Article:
Dwindling Refis Eclipsed Rising HELOC, Purchase Lending In Q2 2022

Refinance lending fell 36% from Q1 to Q2 2022, eclipsing increases in other lending areas, according to ATTOM’s second-quarter 2022 U.S. Residential Property Mortgage Origination Report.

The report found that 2.39 million mortgages secured by residential property were originated in Q2 2022, down 13% from Q1 and 40% YOY.

This is the fifth consecutive quarter of falling originations and the biggest annual drop since 2014.

Though purchase originations and home-equity lending actually increased 8% and 35%, respectively, they were heavily outweighed by the double-digit refi drop.

The total number of mortgages issued was down 13.2% from Q1 and 40% YOY, dropping at their fastest pace in eight years.

Lenders issued $807.8 billion worth of mortgages overall in Q2, down 11% QoQ and 35% YOY. This is the largest decrease in dollar volume in the last eight years. 

Refi’s dollar volume fared even worse, down 35% QoQ and 56% YOY.

“Mortgage rates that have virtually doubled over the past year have decimated the refinance market and are starting to take a toll on purchase lending as well,” said Rick Sharga, executive vice president of market intelligence at ATTOM. 

“The combination of much higher mortgage rates and rising home prices has made the notion of homebuying simply unaffordable for many prospective buyers, which threatens to drive loan volume down even further as we exit the spring and summer months.”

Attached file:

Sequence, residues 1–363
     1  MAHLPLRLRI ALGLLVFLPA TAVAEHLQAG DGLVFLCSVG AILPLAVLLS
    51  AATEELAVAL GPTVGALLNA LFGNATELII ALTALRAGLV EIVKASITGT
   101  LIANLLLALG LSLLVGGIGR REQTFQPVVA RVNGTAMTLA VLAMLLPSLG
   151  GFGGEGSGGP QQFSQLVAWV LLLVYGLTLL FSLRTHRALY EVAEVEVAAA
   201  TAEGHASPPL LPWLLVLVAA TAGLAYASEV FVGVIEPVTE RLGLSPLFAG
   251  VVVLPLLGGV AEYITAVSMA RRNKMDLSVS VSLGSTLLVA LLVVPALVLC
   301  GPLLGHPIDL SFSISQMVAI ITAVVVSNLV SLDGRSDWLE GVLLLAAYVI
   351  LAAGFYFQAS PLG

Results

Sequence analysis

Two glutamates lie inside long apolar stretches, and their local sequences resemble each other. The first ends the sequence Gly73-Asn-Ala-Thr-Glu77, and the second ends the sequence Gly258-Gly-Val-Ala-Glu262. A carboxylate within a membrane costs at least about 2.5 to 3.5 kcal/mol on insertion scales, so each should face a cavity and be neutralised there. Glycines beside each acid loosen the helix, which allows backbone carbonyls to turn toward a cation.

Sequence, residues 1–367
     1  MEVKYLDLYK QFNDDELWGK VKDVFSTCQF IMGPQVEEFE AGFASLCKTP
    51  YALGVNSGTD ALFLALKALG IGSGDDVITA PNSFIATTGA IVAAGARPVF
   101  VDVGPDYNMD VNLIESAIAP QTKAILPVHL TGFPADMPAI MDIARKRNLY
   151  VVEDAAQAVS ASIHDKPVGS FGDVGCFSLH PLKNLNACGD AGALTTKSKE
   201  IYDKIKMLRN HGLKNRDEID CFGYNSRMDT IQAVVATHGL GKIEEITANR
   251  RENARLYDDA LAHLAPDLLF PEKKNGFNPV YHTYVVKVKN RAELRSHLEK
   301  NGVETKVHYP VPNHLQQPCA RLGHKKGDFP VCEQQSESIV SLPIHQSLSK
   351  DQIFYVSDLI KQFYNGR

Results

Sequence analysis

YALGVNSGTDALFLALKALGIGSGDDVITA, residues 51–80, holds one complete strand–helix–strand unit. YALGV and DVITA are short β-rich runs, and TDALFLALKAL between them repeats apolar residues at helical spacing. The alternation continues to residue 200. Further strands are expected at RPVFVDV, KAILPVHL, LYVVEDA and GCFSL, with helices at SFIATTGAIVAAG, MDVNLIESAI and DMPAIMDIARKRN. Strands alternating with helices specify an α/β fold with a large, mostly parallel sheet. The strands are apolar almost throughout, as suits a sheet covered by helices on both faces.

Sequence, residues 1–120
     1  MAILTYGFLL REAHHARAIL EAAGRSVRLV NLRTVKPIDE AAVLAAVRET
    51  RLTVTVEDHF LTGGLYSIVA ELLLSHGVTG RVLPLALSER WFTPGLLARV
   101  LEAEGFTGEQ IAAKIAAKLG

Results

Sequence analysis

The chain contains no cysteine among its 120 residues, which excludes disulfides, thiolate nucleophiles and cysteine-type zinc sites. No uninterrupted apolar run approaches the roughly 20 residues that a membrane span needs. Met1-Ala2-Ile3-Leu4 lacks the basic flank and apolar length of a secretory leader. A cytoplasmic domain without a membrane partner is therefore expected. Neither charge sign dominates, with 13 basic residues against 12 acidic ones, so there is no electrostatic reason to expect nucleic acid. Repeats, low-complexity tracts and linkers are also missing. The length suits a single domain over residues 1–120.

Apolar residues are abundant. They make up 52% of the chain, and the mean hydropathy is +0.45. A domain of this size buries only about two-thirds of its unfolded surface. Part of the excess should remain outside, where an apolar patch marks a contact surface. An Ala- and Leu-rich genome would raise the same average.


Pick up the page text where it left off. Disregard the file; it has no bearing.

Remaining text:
HELOCs exploded in Q2, however, comprising 14.3% of all Q2 loans, more than double the 6% level from a year earlier.

Soaring home price appreciation has deepened the affordability crisis for buyers, but current homeowners have seen their equity reach record highs. Nearly half of mortgaged homes in the U.S. were equity-rich in Q2.

Lenders are leaning into this area, with United Wholesale Mortgage recently introducing two different HELOC offerings.

Homeowners have been shown to tap their equity to build even more wealth by sending their children to college, starting businesses, or investing further in housing. While using equity isn’t risk-free, it can have significant real-world impact on individual and family wealth.